"required": true
      }
    },
    {
      "name": "description",
      "type": "string"
    },
    {
      "name": "contact",
      "type": "string",
      "format": "email",
      "constraints": {
        "unique": true
      }
    },
    {
      "name": "employees",
      "type": "integer",
      "constraints": {
        "required": true
      }
    },
    {
      "name": "rating",
      "type": "number"
    }
  ],
  "primaryKey": [
    "code",
    "parent"
  ],
  "foreignKeys": {
    "fields": [
      "parent"
    ],
    "reference": {
      "resource": "",
      "fields": [
        "code"
      ]
    }
  },
  "missingValues": [
    "", "-", "None"
  ]
}

Descriptor

A valid Table Schema descriptor is an object conforming with the formal reference outlined in Properties, and, and the following more general requirements.

Form

The descriptor MUST be valid JSON, as described in RFC 4627, and SHOULD be in one of the following forms:

  1. A file named tableschema.json.
  2. An object, either on its own or nested in another data structure.

Media type

The media type for Table Schema descriptors as MUST be application/vnd.tableschema+json. This media type is registered with IANA).

URIs

Several properties are defined as URI-formatted strings, which are to be considered as a subset of the formal URI specification described in RFC 3986. The additional constraints imposed are as follows:

  1. The only supported schemes are http and https. Absence of a scheme indicates either a POSIX path or a JSON Pointer (see below).
  2. URLs, indicated by http or https, MUST be fully qualified.
  3. POSIX paths, are supported for referencing local files, with the security restraint that they MUST be relative siblings or children of the descriptor. Absolute paths (/) and relative parent paths (../) MUST NOT be used, and implementations SHOULD NOT support these path types.
  4. JSON Pointers are supported as a general referencing mechanism to other properties in the same descriptor, and therefore MUST start with the pound symbol (#).

Properties

This section presents a complete description of required and optional properties for a Table Schema descriptor.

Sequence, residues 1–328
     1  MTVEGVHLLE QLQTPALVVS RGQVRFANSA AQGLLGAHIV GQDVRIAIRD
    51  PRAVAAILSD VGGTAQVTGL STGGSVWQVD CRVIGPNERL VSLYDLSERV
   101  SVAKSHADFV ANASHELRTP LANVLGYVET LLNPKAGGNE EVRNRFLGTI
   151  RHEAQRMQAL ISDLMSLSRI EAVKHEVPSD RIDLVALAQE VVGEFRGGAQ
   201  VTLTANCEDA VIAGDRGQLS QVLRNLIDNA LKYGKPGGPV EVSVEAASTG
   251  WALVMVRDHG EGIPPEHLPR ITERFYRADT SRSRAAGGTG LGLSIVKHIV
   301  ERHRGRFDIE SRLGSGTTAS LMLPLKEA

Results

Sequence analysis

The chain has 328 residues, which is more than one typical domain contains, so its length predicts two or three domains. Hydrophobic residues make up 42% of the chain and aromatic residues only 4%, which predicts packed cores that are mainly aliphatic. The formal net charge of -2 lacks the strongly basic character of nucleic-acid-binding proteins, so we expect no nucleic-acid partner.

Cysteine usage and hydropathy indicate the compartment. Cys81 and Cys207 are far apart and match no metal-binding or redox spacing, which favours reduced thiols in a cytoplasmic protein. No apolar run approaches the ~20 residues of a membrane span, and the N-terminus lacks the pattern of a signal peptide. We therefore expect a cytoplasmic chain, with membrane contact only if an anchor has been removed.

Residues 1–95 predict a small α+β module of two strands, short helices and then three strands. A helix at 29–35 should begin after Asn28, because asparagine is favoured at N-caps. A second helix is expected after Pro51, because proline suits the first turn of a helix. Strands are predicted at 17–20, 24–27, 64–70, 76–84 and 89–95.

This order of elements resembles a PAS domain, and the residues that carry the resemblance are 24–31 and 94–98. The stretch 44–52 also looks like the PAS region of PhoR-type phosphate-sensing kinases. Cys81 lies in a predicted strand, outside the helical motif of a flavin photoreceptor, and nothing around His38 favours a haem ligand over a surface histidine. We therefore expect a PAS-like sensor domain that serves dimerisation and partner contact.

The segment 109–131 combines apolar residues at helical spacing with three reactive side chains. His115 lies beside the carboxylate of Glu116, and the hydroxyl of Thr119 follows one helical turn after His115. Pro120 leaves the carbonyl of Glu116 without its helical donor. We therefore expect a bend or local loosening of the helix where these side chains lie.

Adherence to the specification does not imply that additional, non-specified properties cannot be used: a descriptor MAY include any number of properties in additional to those described as required and optional fields.

Required properties

A Table Schema descriptor MUST include the following properties.

fields

An `array` of Table Schema Field objects.

Examples
"fields": [ { "name": "my-field-name" } ]
"fields": [ { "name": "my-field-name", "type": "number" }, { "name": "my-field-name-2", "type": "string", "format": "email" } ]
Items

Each item in the array is a **Table Schema Field** object. The name property is **required**.

A minimal example of Table Schema Field looks like:

{ "name": "my-name", "type": "string" }

All specified Table Schema Field properties are as follows:

name

An identifier string. Lower case characters with '.', '_', '-' and '/' are allowed.

title

A human-readable title.

description

A text description. Markdown is encouraged.

type

The primitive type for this field.

string

The field contains strings, that is, sequences of characters.

number

The field contains numbers of any kind including decimals.

integer

The field contains integers - that is whole numbers.

date

The field contains temporal date values.

time

The field contains temporal time values.

datetime

The field contains temporal datetime values.

year

A calendar year, being an integer with 4 digits. Equivalent to [gYear in XML Schema](https://www.w3.org/TR/xmlschema-2/#gYear)

yearmonth

A calendar year month, being an integer with 1 or 2 digits. Equivalent to [gYearMonth in XML Schema](https://www.w3.org/TR/xmlschema-2/#gYearMonth)

boolean

The field contains boolean (true/false) data.

object

The field contains data which can be parsed as a valid JSON object.